Square Enix is dropping IO Interactive, the Danish studio behind the long-running Hitman franchise.
In a statement released today, the Japanese publisher said the decision was part of a strategy to "focus our resources and energies on key franchises and studios."
The withdrawal was in effect as of the end of the last financial year, on March 31, 2017, and resulted in a ¥4.9 billion ($43 million) extraordinary loss on the company's balance sheet.
Square Enix has already started discussion with potential new investors, the company said. "Whilst there can be no guarantees that the negotiations will be concluded successfully, they are being explored since this is in the best interests of our shareholders, the studio and the industry as a whole."
IO Interactive was acquired by Eidos in 2003, just before it launched Hitman: Contracts, the third game in what was already its signature franchise. Eidos was acquired by Square Enix in 2009, and it has launched four games in the time since: Mini Ninjas, Kane & Lynch 2: Dog Days, Hitman: Absolution, and Hitman, last year's episodic take on its most celebrated IP.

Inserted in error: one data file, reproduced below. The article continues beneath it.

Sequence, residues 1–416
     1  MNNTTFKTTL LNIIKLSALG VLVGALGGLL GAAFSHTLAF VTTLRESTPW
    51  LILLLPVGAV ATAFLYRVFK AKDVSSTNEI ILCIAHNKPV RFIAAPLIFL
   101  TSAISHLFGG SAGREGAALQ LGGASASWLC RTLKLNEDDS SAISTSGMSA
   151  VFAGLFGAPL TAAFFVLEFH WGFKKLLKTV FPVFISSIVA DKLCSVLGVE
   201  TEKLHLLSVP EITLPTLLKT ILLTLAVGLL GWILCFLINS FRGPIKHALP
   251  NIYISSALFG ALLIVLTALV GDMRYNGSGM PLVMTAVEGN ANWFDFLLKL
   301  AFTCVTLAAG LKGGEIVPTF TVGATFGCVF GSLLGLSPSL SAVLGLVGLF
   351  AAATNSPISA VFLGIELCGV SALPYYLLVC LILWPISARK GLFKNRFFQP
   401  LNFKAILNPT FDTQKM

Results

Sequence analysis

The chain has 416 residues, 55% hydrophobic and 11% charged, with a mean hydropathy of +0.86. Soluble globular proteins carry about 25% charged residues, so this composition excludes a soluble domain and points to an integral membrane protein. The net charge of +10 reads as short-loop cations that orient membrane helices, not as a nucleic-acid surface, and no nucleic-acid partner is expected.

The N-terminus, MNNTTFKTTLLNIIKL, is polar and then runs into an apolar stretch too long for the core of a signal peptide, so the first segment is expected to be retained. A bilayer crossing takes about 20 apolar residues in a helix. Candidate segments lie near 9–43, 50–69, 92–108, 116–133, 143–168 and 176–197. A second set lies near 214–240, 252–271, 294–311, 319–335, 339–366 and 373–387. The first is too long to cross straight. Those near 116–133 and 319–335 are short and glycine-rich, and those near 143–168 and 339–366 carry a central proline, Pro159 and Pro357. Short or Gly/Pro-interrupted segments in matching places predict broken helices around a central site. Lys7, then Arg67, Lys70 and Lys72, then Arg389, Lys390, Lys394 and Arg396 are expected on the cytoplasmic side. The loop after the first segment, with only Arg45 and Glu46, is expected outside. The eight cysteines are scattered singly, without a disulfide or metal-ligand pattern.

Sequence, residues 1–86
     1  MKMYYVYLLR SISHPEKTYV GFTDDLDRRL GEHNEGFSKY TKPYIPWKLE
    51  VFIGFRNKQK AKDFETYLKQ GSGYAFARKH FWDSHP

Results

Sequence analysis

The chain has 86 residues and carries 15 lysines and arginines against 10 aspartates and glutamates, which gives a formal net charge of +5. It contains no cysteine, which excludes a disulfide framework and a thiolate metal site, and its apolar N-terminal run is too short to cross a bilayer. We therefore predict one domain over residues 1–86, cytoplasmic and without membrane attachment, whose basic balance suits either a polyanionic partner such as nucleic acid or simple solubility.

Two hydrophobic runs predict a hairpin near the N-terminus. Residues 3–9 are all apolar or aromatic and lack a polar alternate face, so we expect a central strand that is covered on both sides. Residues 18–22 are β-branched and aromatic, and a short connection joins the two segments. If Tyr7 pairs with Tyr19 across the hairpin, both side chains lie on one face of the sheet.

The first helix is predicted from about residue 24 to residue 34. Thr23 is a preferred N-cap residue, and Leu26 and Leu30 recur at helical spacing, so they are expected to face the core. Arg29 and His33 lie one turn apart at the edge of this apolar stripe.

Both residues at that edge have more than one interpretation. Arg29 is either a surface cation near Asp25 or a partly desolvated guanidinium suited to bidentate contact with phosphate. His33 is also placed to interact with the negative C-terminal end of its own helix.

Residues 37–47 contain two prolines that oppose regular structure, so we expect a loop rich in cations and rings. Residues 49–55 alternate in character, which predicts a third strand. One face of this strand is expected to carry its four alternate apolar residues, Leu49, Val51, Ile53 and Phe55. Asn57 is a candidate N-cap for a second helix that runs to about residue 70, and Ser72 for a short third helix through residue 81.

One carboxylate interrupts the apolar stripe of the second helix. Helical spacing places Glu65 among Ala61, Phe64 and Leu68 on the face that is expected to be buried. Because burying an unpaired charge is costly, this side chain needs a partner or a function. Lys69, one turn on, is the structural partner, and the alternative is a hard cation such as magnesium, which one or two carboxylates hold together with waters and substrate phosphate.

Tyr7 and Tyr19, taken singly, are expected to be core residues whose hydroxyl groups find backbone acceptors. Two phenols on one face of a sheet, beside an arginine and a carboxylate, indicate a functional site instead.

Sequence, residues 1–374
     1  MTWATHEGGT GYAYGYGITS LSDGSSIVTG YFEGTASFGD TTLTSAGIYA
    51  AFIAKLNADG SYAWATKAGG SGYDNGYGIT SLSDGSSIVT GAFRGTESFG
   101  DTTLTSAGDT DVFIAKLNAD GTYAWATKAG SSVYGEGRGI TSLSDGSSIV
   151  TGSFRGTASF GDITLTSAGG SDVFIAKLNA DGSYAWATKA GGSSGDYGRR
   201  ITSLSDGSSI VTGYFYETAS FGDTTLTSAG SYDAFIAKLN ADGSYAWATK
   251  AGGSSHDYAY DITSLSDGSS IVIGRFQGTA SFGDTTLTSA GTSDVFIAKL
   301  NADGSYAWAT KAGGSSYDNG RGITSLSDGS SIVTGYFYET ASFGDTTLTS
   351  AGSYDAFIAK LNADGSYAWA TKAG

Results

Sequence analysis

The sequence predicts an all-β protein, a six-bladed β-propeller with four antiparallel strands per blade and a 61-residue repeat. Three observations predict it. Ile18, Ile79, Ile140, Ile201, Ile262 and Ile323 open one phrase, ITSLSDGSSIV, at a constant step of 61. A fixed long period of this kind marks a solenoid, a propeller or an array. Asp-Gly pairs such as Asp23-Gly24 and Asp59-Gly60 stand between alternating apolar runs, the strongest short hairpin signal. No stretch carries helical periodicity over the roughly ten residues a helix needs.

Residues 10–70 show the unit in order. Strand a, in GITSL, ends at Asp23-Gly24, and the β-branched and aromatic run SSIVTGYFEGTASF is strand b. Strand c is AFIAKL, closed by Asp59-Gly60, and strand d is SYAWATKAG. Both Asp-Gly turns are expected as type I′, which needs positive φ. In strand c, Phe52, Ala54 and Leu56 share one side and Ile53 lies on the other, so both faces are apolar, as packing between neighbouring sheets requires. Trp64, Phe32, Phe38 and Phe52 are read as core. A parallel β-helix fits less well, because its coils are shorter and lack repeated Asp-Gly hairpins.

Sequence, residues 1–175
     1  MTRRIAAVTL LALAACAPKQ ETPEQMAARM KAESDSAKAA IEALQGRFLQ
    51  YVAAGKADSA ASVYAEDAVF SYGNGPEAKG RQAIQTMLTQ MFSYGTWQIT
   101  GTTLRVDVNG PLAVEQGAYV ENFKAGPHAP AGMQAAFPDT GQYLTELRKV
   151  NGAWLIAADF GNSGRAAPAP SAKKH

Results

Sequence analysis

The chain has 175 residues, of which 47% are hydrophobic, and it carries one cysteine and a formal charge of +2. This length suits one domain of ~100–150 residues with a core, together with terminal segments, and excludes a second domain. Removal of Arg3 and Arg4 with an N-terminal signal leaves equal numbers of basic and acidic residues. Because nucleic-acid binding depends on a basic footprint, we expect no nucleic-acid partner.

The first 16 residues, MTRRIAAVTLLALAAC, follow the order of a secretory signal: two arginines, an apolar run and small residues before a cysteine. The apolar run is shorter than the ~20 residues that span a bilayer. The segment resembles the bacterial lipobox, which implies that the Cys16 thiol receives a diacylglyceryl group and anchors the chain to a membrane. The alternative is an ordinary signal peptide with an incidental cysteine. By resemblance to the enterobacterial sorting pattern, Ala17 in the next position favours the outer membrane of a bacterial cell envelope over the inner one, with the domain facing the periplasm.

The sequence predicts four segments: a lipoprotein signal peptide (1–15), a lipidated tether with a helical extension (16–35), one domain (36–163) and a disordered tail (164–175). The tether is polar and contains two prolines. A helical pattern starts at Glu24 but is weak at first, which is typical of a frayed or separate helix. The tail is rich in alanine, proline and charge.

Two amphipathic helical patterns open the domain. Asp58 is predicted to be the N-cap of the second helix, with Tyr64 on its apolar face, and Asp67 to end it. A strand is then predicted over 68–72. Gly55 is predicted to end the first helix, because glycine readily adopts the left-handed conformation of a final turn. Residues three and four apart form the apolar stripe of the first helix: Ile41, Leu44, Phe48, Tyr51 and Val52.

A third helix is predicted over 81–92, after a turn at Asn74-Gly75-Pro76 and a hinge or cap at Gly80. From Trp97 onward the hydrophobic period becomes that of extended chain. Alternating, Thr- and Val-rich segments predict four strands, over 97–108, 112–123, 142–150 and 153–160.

The bold new structure implemented in Hitman saw the game's missions being separately on digital platforms, with various live events and challenges taking place between the release of each one. Square Enix released the game in a box earlier this year. It has never disclosed official numbers regarding the sales figures for Hitman, either as a series or for individual episodes.
However, the series' ámbition was widely appreciated within the games press - it was named 11th best game of 2016 by Eurogamer, for example, and was Giant Bomb's overall Game of the Year. When we talked to IO studio head Hannes Seifert last year, he described the pride his team felt at the "new feeling" the game created, and made it clear that plans for Hitman extended far beyond a single season of epsiodes.
"When we say an ever expanding world of assassination, it means we don't have to take everything that's out there, throw it away and make a new game," he said. "We can actually build on that. Just imagine after two or three seasons, you enter at that point in time, the amount of content will just blow your mind. That's where we want to be."
Seifert stepped down as IO's studio head in February this year. He was replaced by Hakan Abrak, IO's former studio production director.